The African Union (AU) will in May this year celebrate 50 years of its existence under the theme ‘Pan-Africanism and the African Renaissance’, an event AU Commission chairperson Nkosazana Dlamini-Zuma said should provide the organisation with an opportunity for a new paradigm – an opportunity to strengthen the continent’s belief in its capacity to become prosperous and peaceful.
However, peace and prosperity are two key words that have been eluding Africa for many decades, as armed conflicts, extreme poverty, economic mismanagement and bad governance continue to tear the continent apart and delay its development.
But, addressing the AU’s executive council on late last week in Addis-Ababa, Dlamini-Zuma said the continent’s unending problems will not dampen Africans’ will and spirit to push for solutions.
She said: “The challenges we face as a continent are indeed many and difficult, but not so many, nor so difficult as to be intractable and defeat our collective will and wisdom to resolve. Throughout history Africa has faced very serious challenges from slavery to colonialism and apartheid. Armed with unity and solidarity, we have overcome.”
But analysts decry African leaders’ failure to understand the words unity and solidarity, especially in the face of conflict resolution. The case of Africa watching as a spectator while Mali burned and France took the initiative to solely wage war on the Islamists might have violated the ideals of Pan-Africanism.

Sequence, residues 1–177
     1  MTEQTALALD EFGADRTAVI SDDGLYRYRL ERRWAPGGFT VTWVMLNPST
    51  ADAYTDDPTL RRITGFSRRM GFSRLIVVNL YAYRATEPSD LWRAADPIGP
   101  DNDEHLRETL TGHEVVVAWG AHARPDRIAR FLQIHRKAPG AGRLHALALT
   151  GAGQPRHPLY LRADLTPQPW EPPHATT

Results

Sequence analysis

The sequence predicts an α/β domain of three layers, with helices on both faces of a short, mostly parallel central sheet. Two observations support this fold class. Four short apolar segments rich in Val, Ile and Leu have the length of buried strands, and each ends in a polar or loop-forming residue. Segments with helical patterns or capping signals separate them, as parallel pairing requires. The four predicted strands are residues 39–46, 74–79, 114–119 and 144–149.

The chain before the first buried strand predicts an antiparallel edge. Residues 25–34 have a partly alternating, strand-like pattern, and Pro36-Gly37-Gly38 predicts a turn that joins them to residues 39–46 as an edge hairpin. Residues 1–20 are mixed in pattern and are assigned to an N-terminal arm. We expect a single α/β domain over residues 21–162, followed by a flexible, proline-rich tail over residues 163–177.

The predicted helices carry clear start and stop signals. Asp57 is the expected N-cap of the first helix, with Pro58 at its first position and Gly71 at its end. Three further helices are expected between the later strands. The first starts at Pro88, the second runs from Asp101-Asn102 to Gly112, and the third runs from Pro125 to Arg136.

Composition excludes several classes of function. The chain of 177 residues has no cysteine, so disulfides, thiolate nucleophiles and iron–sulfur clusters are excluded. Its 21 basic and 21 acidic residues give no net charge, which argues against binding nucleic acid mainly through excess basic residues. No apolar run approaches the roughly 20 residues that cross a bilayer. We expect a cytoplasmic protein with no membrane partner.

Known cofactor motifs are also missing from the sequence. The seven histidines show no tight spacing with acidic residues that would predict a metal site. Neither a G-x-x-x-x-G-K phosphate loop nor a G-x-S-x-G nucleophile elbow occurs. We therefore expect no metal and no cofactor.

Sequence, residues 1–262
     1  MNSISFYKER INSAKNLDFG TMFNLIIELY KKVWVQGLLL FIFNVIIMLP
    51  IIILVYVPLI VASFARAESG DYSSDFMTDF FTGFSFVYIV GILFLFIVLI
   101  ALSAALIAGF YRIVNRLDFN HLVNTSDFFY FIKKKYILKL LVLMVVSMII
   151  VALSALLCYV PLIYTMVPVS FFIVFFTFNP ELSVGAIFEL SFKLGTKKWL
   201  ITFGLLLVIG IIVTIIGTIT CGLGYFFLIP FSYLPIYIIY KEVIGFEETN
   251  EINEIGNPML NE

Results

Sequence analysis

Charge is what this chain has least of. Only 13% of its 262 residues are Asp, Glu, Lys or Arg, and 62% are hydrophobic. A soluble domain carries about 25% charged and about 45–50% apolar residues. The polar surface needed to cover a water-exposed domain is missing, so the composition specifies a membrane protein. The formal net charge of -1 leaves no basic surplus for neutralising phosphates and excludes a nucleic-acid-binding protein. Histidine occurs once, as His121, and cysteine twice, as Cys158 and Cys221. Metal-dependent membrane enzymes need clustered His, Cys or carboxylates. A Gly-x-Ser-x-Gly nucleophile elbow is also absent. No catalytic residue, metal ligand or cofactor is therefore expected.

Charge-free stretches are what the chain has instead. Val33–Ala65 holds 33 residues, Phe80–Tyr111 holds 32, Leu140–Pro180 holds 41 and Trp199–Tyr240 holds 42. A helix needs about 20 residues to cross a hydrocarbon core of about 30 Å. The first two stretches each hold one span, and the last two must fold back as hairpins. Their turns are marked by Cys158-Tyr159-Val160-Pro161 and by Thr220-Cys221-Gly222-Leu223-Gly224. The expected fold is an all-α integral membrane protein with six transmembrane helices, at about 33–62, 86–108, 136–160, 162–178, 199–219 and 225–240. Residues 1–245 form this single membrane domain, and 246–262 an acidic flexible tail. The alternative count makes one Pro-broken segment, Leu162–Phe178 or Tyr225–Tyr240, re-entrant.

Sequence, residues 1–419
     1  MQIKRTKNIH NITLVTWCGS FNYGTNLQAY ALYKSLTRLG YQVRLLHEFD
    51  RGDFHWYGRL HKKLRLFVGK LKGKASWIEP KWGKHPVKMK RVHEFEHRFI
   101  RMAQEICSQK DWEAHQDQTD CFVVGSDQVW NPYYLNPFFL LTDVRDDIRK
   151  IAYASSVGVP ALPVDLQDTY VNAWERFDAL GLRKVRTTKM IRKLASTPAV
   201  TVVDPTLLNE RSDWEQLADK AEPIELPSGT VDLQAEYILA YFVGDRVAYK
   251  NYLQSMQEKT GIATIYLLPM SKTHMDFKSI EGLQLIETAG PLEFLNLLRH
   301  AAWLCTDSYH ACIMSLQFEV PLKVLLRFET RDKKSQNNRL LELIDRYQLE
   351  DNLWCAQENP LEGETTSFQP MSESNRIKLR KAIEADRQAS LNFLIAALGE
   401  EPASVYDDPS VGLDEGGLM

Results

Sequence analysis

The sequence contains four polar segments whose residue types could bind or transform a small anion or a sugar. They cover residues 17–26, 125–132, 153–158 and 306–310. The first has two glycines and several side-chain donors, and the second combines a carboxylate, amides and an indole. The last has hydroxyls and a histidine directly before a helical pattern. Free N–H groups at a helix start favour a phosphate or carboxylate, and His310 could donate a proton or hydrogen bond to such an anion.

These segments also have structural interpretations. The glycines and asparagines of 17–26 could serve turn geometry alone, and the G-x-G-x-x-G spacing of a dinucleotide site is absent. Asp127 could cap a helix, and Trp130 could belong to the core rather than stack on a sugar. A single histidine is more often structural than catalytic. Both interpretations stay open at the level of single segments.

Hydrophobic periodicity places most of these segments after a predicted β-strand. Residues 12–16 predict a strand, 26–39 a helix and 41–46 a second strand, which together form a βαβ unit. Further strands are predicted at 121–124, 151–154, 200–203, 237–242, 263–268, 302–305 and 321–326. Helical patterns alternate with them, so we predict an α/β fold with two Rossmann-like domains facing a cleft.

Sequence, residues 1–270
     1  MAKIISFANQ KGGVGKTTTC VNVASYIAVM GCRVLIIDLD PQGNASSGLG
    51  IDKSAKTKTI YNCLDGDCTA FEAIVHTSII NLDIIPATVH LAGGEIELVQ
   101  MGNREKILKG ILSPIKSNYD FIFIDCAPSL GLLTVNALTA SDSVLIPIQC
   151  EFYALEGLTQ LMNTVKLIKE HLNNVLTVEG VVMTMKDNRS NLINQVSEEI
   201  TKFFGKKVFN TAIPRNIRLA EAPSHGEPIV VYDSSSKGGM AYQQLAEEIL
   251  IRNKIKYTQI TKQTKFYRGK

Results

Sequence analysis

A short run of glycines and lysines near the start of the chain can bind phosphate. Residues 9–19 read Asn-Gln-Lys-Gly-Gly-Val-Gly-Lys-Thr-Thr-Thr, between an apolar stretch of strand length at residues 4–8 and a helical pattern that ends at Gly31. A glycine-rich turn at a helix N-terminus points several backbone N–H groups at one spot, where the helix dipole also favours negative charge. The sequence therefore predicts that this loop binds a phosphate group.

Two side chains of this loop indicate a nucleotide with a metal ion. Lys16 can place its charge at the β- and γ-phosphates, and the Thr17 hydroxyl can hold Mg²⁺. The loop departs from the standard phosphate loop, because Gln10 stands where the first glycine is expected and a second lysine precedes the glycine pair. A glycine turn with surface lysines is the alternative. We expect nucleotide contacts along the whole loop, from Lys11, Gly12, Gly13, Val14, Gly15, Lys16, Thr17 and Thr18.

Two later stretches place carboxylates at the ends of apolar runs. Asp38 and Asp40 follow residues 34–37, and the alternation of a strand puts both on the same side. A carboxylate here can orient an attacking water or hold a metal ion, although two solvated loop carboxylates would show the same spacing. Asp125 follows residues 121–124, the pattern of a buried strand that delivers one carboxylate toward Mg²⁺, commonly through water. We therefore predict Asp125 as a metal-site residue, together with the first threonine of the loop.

This silence prompted outgoing AU president, Benin head of state Boni Yayi to slam his counterparts during the AU Summit that took place on 27-28 January in Ethiopia. Yayi said: “How is it that, faced with a potential threat to its own foundations, Africa although it has the means to defend themselves, continues to wait.”
But some observers believe the silence was not a matter of disharmony or divergence of opinions on how to solve the conflict, but rather an issue of lack of resources.
Dlamini-Zuma, a former South African cabinet minister, also raised the issue of lack of resources in her address to the ministers of foreign affairs of member states. She said: “Another issue of concern is the resources of the union, both in terms of the quantum and the sources of funding. Not only for the commission, but other organs and our development programmes.
“The current structure of the budget whereby member states fund the operational budget, while external partners fund the bulk of the programme budget is unsustainable and unpredictable. However, external funding cannot be the mainstay of our funding.
Our leaders have said in the past that we must be self-reliant, without cutting.
Efforts to explore alternative sources of funding have been going on for over a decade. We have established a high level panel, chaired by former President Olusegun Obasanjo, and we should hear from this study, so that we can debate their proposals.”
She said the inadequacy of resources is not helped by the trend of creating more and more AU institutions.
*Photo by China Daily. The AU new headquarters in Addis Ababa, Ethiopia.